I don’t think I have ever suggested a day trip because of a Ladies’ Room, until now.
In fact I hardly ever remember rest rooms at all. Except one in Alsace at the Haeberlin brothers three star restaurant. But that’s another story.
In my zeal to find trips near home this summer for all of us gasoline-traumatized citizens, and to visit a museum with a spectacular new wing, I motored over to New Britain, in Central Connecticut.
Even without the aforementioned Ladies’ room, this museum is well worth the almost two hours it takes to get there. And as they say, the beautiful journey is an integral part.
I also went to meet an old friend for lunch, and to see the “Contemporary Glass: Chihuly and Beyond,” exhibit, which will be at the museum until the end of October, so take note.
The drive across Northwestern Connecticut is really lovely in any season. We just took Route 4 to Farmington, then south on Route 84 for a couple of exits, then Route 72 in to New Britain, and there we were.
A stop in Farmington would not be a bad idea. It is the home of Miss Porter’s School, with its wonderful examples of New England architecture. Just driving through the main street is a mini-Williamsburg experience.
I was amazed at the changes in the New Britain museum, which used to be a small excellent array of (only) American Art, housed in a former mansion near Walnut Hill Park. Now, with a new second expansion, it has really come in to the 21st century in a big way. The lovely old mansion, it seems, has been saved, to house administrative and education offices.
The new wing, called the Chase Family galleries, is larger than the old museum and has a giant stairway as one of its main features. Hanging in the great central space of this stair is a stunning Chihuly chandelier. The acquisition of this might well have been the impetus for the current contemporary glass exhibit.
I must admit that glass has never been one of my favorite art objects. That is, not until I discovered Dale Chihuly. This rather unlikely looking man has really changed the face of the glass industry, and how glass is blown, as well as how it is exhibited.
What we saw at the New Britain Museum was a rather tame, though entrancing exhibit, (compared to other works of Chihuly that I have seen hanging over canals in Venice, for example.) Nevertheless, the works we saw were dramatic, odd, gorgeous, mesmerizing, all at the same time. Glass is a tremendously versatile material, which can be functional as well as artistic.
Chihuly has helped make glass a high Art, rather than a craft, but available to everyone with his unusual venues (Jerusalem, in the old Wall, Las Vegas, in the Bellagio ceiling) in fact, he’s almost everywhere these days. This museum would be a good place to learn about the history and versatility of glass.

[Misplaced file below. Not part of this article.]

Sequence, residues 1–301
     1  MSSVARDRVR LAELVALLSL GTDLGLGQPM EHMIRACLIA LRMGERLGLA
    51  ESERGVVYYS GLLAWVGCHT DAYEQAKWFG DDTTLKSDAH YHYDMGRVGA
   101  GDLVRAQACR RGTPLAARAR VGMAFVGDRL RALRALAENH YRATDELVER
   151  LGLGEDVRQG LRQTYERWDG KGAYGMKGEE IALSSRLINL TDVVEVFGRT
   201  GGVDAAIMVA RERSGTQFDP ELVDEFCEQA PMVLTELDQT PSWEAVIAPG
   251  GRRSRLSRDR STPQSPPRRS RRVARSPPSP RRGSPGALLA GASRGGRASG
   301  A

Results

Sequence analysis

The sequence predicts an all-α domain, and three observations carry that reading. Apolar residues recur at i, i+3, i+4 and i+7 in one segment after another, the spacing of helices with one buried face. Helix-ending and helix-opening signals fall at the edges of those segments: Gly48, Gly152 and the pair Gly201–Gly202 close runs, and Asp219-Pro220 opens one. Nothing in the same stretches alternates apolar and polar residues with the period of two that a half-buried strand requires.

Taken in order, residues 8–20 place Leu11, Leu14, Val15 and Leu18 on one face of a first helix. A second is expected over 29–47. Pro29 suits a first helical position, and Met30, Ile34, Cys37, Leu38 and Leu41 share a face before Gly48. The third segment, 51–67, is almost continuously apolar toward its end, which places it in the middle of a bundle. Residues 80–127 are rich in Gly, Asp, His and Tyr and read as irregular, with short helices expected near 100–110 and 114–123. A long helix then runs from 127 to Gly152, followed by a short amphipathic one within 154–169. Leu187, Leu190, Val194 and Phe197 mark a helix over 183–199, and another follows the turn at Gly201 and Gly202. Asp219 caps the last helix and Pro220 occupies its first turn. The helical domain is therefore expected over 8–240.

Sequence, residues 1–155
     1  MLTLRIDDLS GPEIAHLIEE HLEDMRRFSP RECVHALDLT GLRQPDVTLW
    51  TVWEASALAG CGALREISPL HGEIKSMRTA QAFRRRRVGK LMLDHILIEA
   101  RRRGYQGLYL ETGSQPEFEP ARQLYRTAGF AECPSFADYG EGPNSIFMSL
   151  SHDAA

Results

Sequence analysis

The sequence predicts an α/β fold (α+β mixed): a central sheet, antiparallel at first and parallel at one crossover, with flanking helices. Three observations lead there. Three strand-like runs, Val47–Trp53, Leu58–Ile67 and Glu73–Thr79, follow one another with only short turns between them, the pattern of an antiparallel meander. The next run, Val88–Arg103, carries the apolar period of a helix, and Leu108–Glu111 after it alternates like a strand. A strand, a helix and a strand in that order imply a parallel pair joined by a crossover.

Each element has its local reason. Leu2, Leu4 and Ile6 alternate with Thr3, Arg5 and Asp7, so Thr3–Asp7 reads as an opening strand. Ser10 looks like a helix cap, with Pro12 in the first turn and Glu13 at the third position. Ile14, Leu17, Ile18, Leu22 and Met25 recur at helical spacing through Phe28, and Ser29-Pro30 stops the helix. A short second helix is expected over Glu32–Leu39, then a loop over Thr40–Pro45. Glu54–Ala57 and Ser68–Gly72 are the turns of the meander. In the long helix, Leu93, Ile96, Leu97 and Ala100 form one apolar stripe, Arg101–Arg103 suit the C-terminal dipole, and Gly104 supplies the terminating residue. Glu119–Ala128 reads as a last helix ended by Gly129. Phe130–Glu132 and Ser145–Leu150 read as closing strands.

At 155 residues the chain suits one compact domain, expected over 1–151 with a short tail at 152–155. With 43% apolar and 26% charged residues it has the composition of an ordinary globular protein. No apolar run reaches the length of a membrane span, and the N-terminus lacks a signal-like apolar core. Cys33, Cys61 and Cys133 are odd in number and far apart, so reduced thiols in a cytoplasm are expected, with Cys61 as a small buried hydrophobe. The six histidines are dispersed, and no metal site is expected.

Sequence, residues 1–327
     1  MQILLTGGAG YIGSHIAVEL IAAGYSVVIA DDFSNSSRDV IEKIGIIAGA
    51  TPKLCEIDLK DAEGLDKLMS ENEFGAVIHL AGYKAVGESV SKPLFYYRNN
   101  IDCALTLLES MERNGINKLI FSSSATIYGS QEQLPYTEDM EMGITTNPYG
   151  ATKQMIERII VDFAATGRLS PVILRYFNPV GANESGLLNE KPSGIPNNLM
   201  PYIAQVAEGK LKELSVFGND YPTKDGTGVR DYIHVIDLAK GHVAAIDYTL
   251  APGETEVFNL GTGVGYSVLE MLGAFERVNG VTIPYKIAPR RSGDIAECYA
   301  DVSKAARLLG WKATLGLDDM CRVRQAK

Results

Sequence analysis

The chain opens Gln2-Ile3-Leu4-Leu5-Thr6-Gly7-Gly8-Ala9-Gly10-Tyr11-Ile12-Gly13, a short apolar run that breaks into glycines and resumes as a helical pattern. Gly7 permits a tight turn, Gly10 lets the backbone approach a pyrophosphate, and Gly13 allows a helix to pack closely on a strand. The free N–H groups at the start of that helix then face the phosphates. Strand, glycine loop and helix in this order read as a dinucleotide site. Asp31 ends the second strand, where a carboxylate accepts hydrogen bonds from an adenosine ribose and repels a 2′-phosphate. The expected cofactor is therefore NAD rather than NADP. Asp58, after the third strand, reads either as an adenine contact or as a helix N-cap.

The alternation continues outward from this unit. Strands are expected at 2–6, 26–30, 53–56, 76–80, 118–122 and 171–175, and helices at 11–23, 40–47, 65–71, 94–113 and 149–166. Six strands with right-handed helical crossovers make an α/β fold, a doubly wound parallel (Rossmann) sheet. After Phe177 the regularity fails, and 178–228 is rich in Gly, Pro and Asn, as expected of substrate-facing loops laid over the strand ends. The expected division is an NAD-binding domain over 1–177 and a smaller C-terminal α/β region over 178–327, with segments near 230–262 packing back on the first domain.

The other incredible installation on this grand stair is called The Gravity of Color, by Lisa Hoke, a 2008 work, made from plastic cups, paper cups, paint, and hardware!! The most amazing thing about it is that it is utterly beautiful, though it certainly sounds strange, doesn’t it??
The original museum was founded with paintings from the families of early industrialists in the area. There are marvelous examples of almost any American Artist you can name, from the earliest up to the most contemporary. However, this museum is not one of those that accepts whatever the local wealthy donate. It contains some of the best examples of some of the very best American painters and sculptors because of Directors like Sanford Low and Charles Ferguson.
I had fun finding old favorites, which I remembered from living in the area forty years ago! Among them were: Raphaelle Peale’s “Bowl of Peaches,” (in fact a poster of that hangs in my kitchen!) and Frederic Church’s “West Rock, New Haven.” I have a favorite Maurice Prendergast which lives there, as does Maxfield Parrish’s “Dusk” a hauntingly beautiful expression of what “home” means (at least to me.) I think George Bellows “Big Dory” is my very favorite of his paintings. Here also is found Andrew Wyeth’s McVey’s barn, and that incredible Whistler called the “Beach at Selsey Bill” in which he conveys an entire seascape with just a few brush strokes.
One of the big draws in the earlier history of the NBMAA (as it is called on the web) was and still is the famous Thomas Hart Benton Murals of Arts of Life in America. They fill a room, and came to the museum through Benton’s friendship with Sandy Low, who was the museum’s director for a long time.
Now you have probably guessed that I am not ACTUALLY recommending this place for it’s Ladies’ Room, but you really must go and have a look at the elegant, calm, artistic, and yes, useful, rest room that I hope will impress you as it did me.
The museum now boasts a restaurant too, called the Café on The Park. Its terrace will make a marvelous lunch stop all through the fall. And if it is too cold to eat outside, the restaurant has a wall of windows looking out toward the majestic old maples and elms across the street in Walnut Hill. The café is run by Jordan Caterers, an outfit that has won the “best caterer” award by Connecticut Magazine for several years. You can check out the menu on their website.
In addition to a pretty good museum shop (I bought several gifts) the museum has a wonderful educational program. One of the best ones, I thought, is an Introduction to Art for pre-schoolers and their caregivers, called “ArtStart” in which the kids can hear stories about art, and then explore line, shape and color with Museum educators. What a great idea!
The museum’s website is worth a look – www.nbmaa.org as it has all sorts of information, and a wonderful slide show of some of the masterpieces of American Art which can be found there.